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Second, we examine in depth the most serious problems with the Court from the perspective of the United States and its ability to conduct its foreign policy and national defense; Third, we examine possible problems with the Rome Statute arising under the U.S. Constitution; Fourth, we set forth several avenues that the United States might pursue in order to protect American citizens from the Courts jurisdiction or possibly even to prevent the Court, at least as it is currently proposed, from coming into existence; and Fifth, we discuss the possibility of the United States de-signing the Rome Statute.

I.

Overview The Rome Statute marks the culmination of an international process that

began in earnest following the Nuremberg Trials that were held after World War II. In 1947, the U.N. General Assembly tasked a commission on international law with examining the possibility of creating an international criminal chamber. It was contemplated that this proposed criminal court would have jurisdiction over individuals (in contrast to the International Court of Justice, which adjudicates disputes between States). A draft statute for an international criminal court was completed in 1951. However, interest in such a court faded due to Cold War pressures and discussion of the matter all but ceased. In the late 1980s, Trinidad and Tobago resumed the discussion with its proposal to create an international criminal court to deal with its problems related to international drug trafficking. However, the real impetus behind the renewed interest in a permanent international criminal court with jurisdiction over war crimes, crimes against humanity and genocide came in the early 1990s with the outbreak of hostilities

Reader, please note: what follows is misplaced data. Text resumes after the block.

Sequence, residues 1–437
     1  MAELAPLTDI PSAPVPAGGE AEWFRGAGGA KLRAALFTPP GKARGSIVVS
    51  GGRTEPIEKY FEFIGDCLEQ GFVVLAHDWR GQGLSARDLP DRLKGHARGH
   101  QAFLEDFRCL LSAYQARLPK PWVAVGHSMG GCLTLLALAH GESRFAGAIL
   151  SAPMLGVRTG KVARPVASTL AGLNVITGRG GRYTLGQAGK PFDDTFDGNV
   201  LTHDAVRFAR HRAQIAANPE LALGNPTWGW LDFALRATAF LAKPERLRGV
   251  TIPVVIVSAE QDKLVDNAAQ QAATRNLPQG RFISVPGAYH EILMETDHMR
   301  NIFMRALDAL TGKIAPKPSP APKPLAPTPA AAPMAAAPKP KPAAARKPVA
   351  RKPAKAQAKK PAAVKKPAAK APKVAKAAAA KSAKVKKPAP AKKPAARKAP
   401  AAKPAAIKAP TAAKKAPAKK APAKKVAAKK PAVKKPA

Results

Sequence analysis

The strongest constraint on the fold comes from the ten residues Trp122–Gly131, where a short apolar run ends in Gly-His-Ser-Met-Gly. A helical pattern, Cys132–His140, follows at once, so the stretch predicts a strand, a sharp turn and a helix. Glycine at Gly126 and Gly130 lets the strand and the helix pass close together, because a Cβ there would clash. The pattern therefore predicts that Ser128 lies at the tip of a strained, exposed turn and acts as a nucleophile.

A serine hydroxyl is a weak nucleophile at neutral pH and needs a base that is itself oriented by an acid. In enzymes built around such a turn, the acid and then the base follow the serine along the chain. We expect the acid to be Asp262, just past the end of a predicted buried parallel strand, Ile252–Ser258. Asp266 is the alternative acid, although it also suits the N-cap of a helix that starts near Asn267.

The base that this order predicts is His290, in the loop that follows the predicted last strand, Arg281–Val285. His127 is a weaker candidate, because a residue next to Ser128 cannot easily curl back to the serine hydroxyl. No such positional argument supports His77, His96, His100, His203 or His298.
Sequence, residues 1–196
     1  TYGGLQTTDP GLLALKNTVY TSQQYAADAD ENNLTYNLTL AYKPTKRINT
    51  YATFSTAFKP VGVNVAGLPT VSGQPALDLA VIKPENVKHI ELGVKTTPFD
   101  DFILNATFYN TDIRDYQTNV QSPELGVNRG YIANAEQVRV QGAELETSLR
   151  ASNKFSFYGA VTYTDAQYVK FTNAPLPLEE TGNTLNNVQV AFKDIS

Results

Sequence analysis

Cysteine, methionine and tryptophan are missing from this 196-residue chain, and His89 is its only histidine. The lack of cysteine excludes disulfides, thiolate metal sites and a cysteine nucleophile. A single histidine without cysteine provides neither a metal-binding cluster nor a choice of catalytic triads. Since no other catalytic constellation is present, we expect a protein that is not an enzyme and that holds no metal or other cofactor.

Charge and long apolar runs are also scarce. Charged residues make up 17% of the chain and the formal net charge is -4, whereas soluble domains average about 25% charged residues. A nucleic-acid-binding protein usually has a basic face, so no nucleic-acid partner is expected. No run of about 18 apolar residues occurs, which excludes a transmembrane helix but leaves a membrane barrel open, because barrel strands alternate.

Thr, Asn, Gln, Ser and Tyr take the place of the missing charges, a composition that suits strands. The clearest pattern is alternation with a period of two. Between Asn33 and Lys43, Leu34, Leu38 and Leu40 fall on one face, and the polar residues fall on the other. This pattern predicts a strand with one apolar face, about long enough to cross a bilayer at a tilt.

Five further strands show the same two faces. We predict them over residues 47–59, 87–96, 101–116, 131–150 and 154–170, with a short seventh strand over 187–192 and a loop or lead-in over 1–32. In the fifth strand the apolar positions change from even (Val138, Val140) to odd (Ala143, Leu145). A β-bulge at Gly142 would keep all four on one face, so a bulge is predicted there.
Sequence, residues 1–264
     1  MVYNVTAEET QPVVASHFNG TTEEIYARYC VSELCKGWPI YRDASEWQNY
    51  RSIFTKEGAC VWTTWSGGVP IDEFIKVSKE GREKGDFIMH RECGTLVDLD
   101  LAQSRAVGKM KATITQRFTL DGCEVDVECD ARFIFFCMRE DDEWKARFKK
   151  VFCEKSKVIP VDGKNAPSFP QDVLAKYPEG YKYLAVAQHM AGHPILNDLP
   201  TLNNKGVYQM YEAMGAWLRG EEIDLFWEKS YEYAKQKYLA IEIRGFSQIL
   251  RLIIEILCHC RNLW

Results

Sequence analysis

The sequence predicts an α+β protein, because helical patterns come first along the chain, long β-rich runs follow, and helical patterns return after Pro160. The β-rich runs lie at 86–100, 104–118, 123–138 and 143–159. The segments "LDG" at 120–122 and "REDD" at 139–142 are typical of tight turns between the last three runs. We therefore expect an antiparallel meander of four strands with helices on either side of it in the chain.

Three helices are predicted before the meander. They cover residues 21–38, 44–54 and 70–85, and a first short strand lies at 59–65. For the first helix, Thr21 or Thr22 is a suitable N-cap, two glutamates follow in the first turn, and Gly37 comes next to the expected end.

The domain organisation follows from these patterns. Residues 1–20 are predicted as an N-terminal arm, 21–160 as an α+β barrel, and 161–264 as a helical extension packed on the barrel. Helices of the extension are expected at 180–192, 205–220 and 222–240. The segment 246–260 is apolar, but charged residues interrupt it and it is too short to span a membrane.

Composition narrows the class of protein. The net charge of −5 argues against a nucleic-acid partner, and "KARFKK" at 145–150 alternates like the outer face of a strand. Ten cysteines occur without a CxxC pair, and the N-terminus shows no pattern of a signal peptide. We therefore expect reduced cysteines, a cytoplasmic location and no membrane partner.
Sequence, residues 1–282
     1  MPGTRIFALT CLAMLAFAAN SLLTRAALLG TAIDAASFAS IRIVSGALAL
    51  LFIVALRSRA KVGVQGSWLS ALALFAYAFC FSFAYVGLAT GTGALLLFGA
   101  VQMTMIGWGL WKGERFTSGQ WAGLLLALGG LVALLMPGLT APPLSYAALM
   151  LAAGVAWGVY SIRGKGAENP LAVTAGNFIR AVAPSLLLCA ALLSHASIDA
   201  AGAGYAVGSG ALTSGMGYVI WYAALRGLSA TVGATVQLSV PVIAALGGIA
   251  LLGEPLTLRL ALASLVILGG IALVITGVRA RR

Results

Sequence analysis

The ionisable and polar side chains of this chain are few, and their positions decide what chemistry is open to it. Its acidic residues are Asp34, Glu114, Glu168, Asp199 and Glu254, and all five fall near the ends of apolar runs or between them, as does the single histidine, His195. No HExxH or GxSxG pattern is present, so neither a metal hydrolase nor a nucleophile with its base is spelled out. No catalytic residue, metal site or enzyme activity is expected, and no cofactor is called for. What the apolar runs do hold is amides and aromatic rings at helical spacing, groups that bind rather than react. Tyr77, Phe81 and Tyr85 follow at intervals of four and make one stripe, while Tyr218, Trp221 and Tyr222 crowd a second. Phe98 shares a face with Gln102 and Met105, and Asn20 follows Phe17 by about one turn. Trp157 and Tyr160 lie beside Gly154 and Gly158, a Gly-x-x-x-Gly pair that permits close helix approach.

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and reported atrocities in the former Yugoslavia and Rwanda, and the failure or inability of the relevant national judicial systems to punish the perpetrators. In order to bring persons suspected of serious violations of international humanitarian law to justice, the U.N. Security Council, citing its powers under Chapter VII of the U.N. Charter, established the International Criminal Tribunal for the Former Yugoslavia (ICTY) and the International Criminal Tribunal for Rwanda (ICTR). Many States, though, viewed temporary, case-by-case international criminal tribunals such as the ICTY and ICTR as too limited in scope to be a solution to the problem. These bodies, it was thought, were too constrained by jurisdictional limitations and efficiency and logistical concerns associated with establishing, staffing and funding a special tribunal. Thus, a new statute for an international criminal court was drafted. The process reached substantial conclusion at the Rome Conference. (The delegates to the Rome Conference established a Preparatory Commission to promulgate Draft Rules of Procedure and Evidence and Draft Elements of Crimes for the ICC to give substance to the general provisions of the Statute regarding those matters. The Preparatory Commission has recently completed its work on those drafts.) The Rome Statute is comprised of a Preamble and the following thirteen parts: (1) Establishment of the Court (Articles 1-4); (2) Jurisdiction, Admissibility and Applicable Law (Articles 5-21); (3) General Principles of Criminal Law (Articles 22-33); (4) Composition and Administration of the Court (Articles 34-52); (5) Investigation and Prosecution (Articles 53-61); (6) The Trial (Articles 62-76); (7) Penalties (Articles 7780); (8) Appeal and Revision (Articles 81-85); (9) International Cooperation and Judicial